Barnhill was a Philadelphia storekeeper and brother-in-law of Potts. In 1807 Potts moved to Nockamixon Township in Bucks County where he practised the trades of clockmaker, instrument maker and silversmith until 1816. In that year he moved to Philadelphia to become an iron merchant. He died on January 17, 1854. A compass in the Gurley collection is signed with only the name of Potts. Compasses inscribed "Rittenhouse & Potts" are in the collections of the American Philosophical Society, the Francis DuPont Museum at Winterthur, and one is privately owned in Waterloo, Illinois.

Benjamin Evans

After Potts left the Rittenhouse shop and moved away from Worcester T wnship, o Benjamin Rittenhouse next hired his own nephew, Benjamin Evans, who had just achieved the age of fourteen. Benjamin Evans (1776-1836) was the son of David and Benjamin Rittenhouse’s sister, Eleanor Rittenhouse, who had married the Philadelphia blacksmith Daniel Evans. When young Benjamin Evans was six years of age, his family had relocated to David Rittenhouse’s farm in Norriton. Benjamin Rittenhouse was then living in the adjoining Worcester Township. In 1790 Benjamin Evans became an apprentice of his uncle Benjamin, who trained him as a clock and instrument maker. It was during this period that Benjamin Rittenhouse appeared to be concentrating on the production of surveying instruments. Evans completed his apprenticeship in 1797; the next year he became a journeyman clockmaker and his uncle took him as a partner in the clock shop. Instruments produced in this period bore the signature "Rittenhouse & Evans." Instruments with these signatures are in the collection of the Smithsonian Institution and the Historical Society of Pennsylvania.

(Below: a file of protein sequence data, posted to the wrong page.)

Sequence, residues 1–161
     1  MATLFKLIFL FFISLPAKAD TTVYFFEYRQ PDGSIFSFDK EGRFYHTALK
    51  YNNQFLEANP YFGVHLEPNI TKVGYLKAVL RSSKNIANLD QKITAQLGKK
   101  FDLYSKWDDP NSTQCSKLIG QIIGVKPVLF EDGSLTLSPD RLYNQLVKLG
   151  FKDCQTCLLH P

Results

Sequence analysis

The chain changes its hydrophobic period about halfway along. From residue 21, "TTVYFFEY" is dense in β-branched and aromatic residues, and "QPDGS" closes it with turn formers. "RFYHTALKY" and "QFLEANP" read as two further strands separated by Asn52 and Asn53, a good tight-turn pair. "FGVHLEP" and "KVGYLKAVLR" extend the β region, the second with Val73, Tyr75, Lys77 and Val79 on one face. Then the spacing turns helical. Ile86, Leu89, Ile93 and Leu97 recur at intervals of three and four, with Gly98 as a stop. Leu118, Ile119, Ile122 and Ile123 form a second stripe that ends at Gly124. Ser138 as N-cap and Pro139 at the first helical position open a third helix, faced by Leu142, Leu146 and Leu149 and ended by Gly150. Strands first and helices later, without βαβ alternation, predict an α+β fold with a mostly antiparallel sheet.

David Rittenhouse
In 1801 Evans moved from Worcester Township and married Jane Brown soon thereafter. The Federal Census notes that from 1810 to 1820 he was living in Northumberland County. Through his wife he inherited a farm in Tredyffrin Township in Chester County, where he died on September 25, 1836.

In 1800 Benjamin Rittenhouse took on as an apprentice his own son named David Rittenhouse (1776- ) who had been named for his uncle. Nothing is known of young David’s early career except that he was listed in the city directory as a clerk in the Register’s Office in Philadelphia. In 1800 at the age of twenty-one he returned to Worcester Township to work in his father’s shop. In April 1801 he married. One instrument signed "Rittenhouse and Compy" which was said to have been owned and used by Abraham Lincoln and presently in the Museum Building at New Salem Park Illinois, is attributed to the partnership of Benjamin and young David Rittenhouse. In 1802 young David advertised a sale of his properties in the Norristown Herald and Weekly Advertiser on August 7, 1802: (2 April 1802) (Figure 5)

As part of Pennsylvania’s plan of post-Revolutionary internal improvement, in 1789 Benjamin Rittenhouse undertook a series of detailed observations of the Schuylkill River, supplementing the river exploration that his brother David had initiated while seeking routes suitable for a water connection between the Schuylkill and Susquehanna Rivers. Seven years later, by an Act of Congress, Benjamin was commissioned to construct the standard surveyor’s chain for the United States Land Office.